SANTO DOMINGO, July 10 (Xinhua) -- Tropical storm Chantal reached the Dominican Republic Wednesday weaker than expected, but still caused flooding as neighboring Haiti braced for the worst by announcing a red alert, meteorological authorities of both countries reported.
Chantal dumped persistent rains in the southern and eastern coasts of the Dominican Republic, but authorities called off a tropical storm warning, according to a 2 pm report from the U.S.- based National Hurricane Center.
Streets in the capital Santo Domingo flooded Wednesday morning, with most people staying home, and many private companies and public offices suspending activities.
As a precaution, some international airlines canceled flights to Brazil, Haiti and the United States from the capital's main Las Americas International Airport, as well as the smaller Joaquin Balaguer Airport, located in northern Santo Domingo.
The National Meteorology Office (Onamet) said the third storm of the season was rapidly moving westward at 46 kilometers per hour (kph), with maximum sustained winds of 75 kph, and was expected to weaken in the next hours into a tropical wave, due to its erratic movement.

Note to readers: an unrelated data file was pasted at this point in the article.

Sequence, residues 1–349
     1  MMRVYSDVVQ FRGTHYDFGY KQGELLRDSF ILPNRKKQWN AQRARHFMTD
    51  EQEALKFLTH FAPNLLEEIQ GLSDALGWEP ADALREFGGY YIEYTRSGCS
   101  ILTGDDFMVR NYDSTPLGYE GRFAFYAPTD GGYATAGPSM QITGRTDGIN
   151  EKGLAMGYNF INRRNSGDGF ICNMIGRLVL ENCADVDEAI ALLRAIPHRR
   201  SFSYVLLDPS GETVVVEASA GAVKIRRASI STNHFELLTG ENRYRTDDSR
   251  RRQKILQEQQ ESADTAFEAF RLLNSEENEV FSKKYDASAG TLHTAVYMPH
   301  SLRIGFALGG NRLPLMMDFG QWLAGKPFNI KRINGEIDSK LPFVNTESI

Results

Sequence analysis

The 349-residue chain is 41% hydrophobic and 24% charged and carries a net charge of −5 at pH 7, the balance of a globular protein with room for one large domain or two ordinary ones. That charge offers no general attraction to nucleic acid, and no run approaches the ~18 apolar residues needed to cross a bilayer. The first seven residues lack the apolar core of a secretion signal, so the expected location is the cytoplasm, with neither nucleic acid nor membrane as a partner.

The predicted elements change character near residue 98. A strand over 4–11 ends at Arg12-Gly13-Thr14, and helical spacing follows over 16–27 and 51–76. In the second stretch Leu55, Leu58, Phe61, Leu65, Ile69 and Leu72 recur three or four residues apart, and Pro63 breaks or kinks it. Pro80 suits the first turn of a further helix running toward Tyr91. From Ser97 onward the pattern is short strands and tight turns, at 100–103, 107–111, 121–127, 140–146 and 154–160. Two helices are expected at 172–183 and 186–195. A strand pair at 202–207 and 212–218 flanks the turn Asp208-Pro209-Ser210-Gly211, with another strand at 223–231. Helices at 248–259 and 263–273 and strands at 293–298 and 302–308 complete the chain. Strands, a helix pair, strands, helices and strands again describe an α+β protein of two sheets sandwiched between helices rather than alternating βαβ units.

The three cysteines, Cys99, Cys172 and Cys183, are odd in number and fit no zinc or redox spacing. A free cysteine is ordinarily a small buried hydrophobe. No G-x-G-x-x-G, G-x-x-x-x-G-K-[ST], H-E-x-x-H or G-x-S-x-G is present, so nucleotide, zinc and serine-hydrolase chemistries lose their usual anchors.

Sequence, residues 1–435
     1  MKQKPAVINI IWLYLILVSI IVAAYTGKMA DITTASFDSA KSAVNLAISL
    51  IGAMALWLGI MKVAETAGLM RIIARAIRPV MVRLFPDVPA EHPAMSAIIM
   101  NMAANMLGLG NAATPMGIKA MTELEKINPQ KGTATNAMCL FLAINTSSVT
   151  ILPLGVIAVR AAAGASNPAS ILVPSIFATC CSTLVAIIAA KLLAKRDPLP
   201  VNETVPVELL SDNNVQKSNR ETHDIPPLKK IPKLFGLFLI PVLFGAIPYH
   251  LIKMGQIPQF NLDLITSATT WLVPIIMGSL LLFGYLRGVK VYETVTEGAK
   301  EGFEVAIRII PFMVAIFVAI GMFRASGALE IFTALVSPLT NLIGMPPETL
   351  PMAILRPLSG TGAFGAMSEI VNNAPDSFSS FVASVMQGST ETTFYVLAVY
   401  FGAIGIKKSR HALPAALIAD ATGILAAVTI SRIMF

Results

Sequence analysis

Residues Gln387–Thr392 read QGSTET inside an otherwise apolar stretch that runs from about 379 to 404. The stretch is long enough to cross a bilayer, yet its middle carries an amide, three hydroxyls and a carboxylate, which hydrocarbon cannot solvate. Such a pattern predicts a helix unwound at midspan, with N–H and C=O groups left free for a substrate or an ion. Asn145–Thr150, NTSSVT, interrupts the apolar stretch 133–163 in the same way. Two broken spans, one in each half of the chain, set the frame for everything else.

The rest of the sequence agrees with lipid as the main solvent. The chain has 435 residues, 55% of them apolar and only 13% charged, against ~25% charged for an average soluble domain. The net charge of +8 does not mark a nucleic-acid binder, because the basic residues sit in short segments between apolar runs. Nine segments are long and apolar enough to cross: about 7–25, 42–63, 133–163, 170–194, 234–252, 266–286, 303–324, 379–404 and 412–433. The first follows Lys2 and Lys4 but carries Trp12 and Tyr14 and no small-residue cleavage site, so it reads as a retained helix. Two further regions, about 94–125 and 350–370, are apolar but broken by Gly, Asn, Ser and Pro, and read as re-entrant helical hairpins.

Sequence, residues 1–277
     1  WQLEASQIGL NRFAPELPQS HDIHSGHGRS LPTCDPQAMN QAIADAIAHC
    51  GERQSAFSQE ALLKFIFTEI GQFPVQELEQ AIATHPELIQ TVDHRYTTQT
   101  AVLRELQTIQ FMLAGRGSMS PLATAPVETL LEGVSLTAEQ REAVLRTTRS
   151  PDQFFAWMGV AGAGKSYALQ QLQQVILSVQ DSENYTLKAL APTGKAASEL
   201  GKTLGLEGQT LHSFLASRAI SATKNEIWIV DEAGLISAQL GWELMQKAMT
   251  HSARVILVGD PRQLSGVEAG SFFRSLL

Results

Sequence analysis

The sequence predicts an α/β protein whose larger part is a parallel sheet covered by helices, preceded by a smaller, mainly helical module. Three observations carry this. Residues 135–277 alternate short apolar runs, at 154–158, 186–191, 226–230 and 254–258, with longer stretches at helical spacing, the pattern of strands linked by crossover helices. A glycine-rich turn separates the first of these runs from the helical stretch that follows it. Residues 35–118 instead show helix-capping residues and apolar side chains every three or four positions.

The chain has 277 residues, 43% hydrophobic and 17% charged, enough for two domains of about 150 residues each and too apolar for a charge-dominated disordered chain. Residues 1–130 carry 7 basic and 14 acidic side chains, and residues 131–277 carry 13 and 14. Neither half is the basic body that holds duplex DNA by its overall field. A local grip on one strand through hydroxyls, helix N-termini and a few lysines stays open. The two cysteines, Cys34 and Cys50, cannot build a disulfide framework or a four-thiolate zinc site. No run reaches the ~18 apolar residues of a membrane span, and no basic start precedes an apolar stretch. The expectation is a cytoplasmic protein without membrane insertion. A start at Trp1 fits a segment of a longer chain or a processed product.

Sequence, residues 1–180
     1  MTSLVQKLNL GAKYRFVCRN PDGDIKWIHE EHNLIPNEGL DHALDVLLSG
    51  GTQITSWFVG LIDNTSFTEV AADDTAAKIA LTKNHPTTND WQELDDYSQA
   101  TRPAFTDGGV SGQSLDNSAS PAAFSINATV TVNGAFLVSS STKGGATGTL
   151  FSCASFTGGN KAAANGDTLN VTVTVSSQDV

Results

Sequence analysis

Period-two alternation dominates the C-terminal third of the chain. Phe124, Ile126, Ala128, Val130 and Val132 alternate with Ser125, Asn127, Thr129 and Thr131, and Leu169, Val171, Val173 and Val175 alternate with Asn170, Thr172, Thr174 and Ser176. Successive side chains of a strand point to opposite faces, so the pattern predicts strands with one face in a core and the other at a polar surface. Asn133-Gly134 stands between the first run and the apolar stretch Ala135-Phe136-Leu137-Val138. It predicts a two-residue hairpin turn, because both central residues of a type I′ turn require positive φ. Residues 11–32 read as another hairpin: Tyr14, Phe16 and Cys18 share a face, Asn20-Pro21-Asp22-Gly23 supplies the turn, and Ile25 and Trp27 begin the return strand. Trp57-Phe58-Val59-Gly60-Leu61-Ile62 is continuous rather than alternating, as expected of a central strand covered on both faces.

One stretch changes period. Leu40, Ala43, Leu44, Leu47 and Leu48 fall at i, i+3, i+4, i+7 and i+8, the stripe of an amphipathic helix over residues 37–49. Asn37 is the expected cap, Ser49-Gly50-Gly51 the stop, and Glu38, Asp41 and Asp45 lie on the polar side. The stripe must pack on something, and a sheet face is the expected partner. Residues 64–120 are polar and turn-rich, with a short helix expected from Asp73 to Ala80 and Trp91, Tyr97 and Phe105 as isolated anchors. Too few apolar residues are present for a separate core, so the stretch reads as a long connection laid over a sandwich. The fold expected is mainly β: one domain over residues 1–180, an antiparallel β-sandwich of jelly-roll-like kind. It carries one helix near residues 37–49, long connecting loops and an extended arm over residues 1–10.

In Haiti, meanwhile, a nationwide red alert was declared Wednesday due to the possibility of flooding and landslides.
The Haitian government activated a National Risk and Disaster Management Plan and ordered emergency organizations to remain alert, the National Meteorological Center (CNM) said, adding the center of the storm could arrive in Haiti's southern coast by 8 pm local time (24:00 GMT).
According to CNM Director Ronald Semelfort, 20 centimeters of rain was expected.
"The country is very vulnerable due to the high degradation of the environment," said Alta Jean Baptiste, coordinator of the Civil Protection Department, warning of the risk of flooding and landslides.
Haiti's Minister of the Interior David Bazile said on Tuesday that the government disbursed 60 million Haitian gourdes (1.4 million U.S. dollars) to quickly respond to any damages to be caused by Chantal, the funds would be divided according to the vulnerability of each department, and all necessary measures were taken to deploy emergency supplies.
The Dominican Republic and Haiti share the Caribbean Island of Hispaniola, which weather forecasters have said could be hit by at least one hurricane this year out of an expected total of 18 storms predicted for this June to November season.